"Today, Veszprém showcases Hungarian culture to the entirety of Europe,” he began his speech, reflecting on the spirit of 1956. He highlighted the importance of understanding and remembering the sacrifices of the 1956 heroes, warning against letting their efforts go in vain.
PM Orbán made several comparisons between the then Soviet Union and the present-day European Union. "Moscow was incorrigible, while the EU can still be corrected," he noted. He reiterated that for Hungarians, the fight for freedom is a duty, a sentiment deeply rooted in history, from the times of King Stephen to the heroes of '56.
Discussing differing perceptions of freedom, PM Orbán highlighted that for Westerners, freedom means escaping from one's origins and identity. In contrast, he emphasized, "for us, freedom is about being who we really are. It's about embracing being Hungarian and Christian."
The prime minister also touched upon the transition from communism to democracy, recalling the events post-1956 where the Communist Party had to acknowledge their wrongdoings to move into the democratic era. "We had to point out that the king was naked, and they couldn't escape the judgment of the people," Orbán stated. He added that the change was achieved without a civil war, avoiding both economic and political collapse, a testament to Hungary's stability in Europe.
Paying homage to the past, Orbán asserted, "1956 eventually triumphed in 1990. Without the legacy of 1956, we couldn't have won, and those executed in the revolution gave us our strongest weapon."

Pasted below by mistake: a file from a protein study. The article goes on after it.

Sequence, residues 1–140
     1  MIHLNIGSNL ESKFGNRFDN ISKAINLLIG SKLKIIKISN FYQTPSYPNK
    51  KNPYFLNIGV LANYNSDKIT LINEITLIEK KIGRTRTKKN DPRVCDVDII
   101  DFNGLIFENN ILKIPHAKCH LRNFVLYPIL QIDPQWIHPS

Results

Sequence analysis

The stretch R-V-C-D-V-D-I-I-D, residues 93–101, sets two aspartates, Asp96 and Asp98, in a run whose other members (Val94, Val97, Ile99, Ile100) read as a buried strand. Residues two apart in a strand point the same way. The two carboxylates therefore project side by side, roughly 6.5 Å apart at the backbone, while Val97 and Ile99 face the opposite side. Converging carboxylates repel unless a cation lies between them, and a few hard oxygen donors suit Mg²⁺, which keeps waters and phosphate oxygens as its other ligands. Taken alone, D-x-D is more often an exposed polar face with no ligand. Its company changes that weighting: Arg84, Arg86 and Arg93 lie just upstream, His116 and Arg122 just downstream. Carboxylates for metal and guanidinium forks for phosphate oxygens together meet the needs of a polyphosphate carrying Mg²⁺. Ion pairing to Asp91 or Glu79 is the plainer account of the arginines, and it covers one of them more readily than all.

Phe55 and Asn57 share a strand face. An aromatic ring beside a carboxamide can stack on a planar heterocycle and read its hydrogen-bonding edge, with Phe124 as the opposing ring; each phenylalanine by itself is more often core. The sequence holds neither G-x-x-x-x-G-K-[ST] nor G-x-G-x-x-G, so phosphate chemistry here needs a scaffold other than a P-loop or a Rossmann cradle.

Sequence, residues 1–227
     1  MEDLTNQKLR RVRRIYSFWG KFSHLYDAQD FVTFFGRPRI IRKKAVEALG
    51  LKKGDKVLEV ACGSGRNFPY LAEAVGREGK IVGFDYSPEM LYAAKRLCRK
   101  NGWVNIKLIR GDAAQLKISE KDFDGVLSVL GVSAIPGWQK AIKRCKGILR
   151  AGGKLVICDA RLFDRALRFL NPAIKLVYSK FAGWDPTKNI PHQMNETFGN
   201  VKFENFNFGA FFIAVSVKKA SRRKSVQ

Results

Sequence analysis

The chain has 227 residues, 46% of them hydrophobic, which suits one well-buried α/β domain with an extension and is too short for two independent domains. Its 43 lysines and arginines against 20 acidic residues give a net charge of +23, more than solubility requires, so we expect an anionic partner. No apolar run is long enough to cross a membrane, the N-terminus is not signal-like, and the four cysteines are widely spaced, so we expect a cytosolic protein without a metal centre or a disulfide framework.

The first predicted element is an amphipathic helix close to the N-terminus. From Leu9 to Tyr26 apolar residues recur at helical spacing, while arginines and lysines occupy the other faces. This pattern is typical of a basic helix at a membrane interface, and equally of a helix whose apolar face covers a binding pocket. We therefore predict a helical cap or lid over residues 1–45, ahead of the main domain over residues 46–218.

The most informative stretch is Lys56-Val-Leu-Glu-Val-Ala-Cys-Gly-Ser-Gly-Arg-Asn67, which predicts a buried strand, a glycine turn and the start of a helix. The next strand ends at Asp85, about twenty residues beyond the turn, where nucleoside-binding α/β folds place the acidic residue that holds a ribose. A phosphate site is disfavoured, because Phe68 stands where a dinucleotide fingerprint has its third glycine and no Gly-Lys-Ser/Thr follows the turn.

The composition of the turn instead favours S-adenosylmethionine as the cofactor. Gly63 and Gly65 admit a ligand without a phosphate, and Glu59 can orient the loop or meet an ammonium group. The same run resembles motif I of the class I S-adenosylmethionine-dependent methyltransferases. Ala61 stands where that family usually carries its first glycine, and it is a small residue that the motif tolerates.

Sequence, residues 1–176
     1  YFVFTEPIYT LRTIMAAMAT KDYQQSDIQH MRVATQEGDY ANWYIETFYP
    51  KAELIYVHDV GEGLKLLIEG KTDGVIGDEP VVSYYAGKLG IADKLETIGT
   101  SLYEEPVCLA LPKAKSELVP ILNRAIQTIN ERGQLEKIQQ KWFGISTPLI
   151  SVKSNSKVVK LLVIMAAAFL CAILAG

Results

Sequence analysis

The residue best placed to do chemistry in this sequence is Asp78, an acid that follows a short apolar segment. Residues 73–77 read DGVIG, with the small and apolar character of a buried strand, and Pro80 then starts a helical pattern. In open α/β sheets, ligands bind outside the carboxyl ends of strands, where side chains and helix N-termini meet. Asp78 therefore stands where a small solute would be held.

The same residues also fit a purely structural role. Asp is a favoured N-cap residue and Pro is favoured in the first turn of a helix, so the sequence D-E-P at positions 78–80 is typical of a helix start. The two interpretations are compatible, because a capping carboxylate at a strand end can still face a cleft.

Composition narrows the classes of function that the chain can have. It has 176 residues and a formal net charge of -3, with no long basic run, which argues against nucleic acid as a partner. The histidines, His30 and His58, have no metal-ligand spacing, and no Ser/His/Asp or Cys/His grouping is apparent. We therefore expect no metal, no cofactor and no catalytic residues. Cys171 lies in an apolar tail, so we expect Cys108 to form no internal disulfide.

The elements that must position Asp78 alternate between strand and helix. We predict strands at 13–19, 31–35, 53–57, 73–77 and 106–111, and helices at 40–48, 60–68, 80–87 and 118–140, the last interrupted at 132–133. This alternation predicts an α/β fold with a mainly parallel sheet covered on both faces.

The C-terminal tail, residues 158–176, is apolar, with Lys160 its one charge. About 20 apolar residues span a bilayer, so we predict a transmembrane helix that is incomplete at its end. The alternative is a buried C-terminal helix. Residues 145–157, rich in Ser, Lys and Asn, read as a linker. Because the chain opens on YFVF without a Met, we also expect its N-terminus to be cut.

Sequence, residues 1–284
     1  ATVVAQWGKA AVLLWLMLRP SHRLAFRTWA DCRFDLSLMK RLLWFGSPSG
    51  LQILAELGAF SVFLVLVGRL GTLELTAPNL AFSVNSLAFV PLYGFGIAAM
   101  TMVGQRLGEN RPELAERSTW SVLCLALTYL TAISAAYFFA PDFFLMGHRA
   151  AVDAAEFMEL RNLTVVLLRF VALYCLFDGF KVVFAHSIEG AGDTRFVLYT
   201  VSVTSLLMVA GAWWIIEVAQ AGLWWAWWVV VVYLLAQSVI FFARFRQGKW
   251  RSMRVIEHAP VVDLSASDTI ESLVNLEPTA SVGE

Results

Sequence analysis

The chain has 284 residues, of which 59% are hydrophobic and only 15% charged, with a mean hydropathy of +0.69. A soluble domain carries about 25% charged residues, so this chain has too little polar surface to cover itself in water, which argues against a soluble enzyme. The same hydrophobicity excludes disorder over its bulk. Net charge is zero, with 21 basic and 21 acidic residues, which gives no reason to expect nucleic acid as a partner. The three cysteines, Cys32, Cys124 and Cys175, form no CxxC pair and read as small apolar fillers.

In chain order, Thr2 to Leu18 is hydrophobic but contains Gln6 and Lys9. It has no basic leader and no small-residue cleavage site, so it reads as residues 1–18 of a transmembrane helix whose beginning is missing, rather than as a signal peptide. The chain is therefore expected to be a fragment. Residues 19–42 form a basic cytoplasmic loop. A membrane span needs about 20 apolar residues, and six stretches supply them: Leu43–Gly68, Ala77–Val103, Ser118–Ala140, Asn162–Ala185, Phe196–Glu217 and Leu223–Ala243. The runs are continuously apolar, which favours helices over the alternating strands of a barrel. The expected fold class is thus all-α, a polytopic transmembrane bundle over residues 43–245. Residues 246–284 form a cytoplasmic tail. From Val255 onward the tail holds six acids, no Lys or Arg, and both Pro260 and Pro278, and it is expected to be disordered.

According to PM Orbán, Árpád Brusznyai, a revolutionary from Veszprém who was executed after the revolution, symbolizes the collective Hungarian spirit. "He knew, if we didn't manage to break free, the whole nation would fall into the communist bloc," the prime minister added.
Putting the 1956 revolution into perspective, Orbán recounted the grim statistics: "Around 3,000 died, 20,000 were injured, and more than 200 were executed during the retribution." He emphasized that it was a collective fight for freedom, with victims spanning all societal groups and age brackets. "An entire nation stood on the execution scaffold," he added.
PM Orbán also emphasized the universality of the 1956 experience across Hungary. "Every town has its own '56 story," he noted, deeming it fitting and just to honor the freedom fighters in Veszprém.
Finally, the Prime Minister celebrated Veszprém's historical spirit, stating that "on the day of the Hungarian revolution, we greet the entire world's Hungarians from Veszprém." Drawing attention to the city's proactive nature, he added, "Veszprém was also ahead of its time 1,000 years ago."